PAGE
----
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*****

PART III FUTURE CLAIMS
SEC. 4. RELIEF FROM CERTAIN FUTURE CLAIMS UNDER THE FAIR LABOR STANDARDS ACT OF 1938, AS A MENDED , THE W ALSH –H EALEY A CT , AND THE BACON–DAVIS ACT. — (a) Except as provided in subsection (b), no employer shall be subject to any liability or punishment under the Fair Labor Standards Act of 1938, as amended, the Walsh– Healey Act, or the Bacon–Davis Act, on account of the failure of such employer to pay an employee minimum wages, or to pay an employee overtime compensation, for or on account of any of the following activities of such employee engaged in on or after the date of the enactment of this Act — (1) walking, riding, or traveling to and from the actual place of performance of the principal activity or activities which such employee is employed to perform, and (2) activities which are preliminary to or postliminary to said principal activity or activities, which occur either prior to the time on any particular workday at which such employee commences, or subsequent to the time on any particular workday at which he ceases, such principal activity or activities.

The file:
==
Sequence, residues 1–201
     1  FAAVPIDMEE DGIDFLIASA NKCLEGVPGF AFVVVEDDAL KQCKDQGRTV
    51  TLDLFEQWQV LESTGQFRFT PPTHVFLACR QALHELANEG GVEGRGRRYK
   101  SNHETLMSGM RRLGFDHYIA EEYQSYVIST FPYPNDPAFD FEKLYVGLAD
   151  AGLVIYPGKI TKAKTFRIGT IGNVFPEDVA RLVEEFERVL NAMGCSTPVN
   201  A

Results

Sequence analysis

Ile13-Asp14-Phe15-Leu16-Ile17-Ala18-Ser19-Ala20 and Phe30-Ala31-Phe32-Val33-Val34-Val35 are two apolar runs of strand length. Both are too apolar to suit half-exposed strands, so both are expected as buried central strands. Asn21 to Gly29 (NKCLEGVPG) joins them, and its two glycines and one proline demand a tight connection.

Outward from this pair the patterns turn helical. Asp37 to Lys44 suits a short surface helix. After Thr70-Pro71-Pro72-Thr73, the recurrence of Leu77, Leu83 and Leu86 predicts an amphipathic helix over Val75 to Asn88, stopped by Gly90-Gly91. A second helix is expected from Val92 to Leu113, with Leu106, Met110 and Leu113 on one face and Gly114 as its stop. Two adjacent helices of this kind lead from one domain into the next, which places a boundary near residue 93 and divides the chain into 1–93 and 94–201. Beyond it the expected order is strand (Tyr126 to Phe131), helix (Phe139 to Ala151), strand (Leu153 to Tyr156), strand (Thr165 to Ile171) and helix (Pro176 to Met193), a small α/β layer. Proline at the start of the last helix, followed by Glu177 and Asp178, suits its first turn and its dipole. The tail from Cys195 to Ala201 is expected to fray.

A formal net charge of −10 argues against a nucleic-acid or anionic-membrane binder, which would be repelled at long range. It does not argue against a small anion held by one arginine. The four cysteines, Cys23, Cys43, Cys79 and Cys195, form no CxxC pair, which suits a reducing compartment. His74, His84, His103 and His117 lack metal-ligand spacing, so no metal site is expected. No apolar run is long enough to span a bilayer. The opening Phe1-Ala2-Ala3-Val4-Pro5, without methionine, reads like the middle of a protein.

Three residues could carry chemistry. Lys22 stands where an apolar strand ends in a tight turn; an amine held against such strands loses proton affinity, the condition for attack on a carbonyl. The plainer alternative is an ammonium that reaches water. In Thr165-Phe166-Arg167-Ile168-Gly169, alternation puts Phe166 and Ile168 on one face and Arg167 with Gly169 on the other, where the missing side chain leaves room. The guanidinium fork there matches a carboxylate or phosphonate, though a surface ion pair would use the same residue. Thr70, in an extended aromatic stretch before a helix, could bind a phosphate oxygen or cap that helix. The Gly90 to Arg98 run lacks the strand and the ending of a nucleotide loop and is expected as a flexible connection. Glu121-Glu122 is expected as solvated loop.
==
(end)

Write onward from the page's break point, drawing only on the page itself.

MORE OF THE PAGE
or such custom or practice only when it is engaged in during the portion of the day with respect to which it is so made compensable. (d) In the application of the minimum wage and overtime compensation provisions of the Fair Labor Standards Act of 1938, as amended, of the Walsh–Healey Act, or of the Bacon–Davis Act, in determining the time for which an employer employs an employee with respect to walking, riding, traveling or other preliminary or postliminary activities described in subsection (a) of this section, there shall be counted all that time, but only that time, during which the employee engages in any such activity which is compensable within the meaning of subsections (b) and (c) of this section.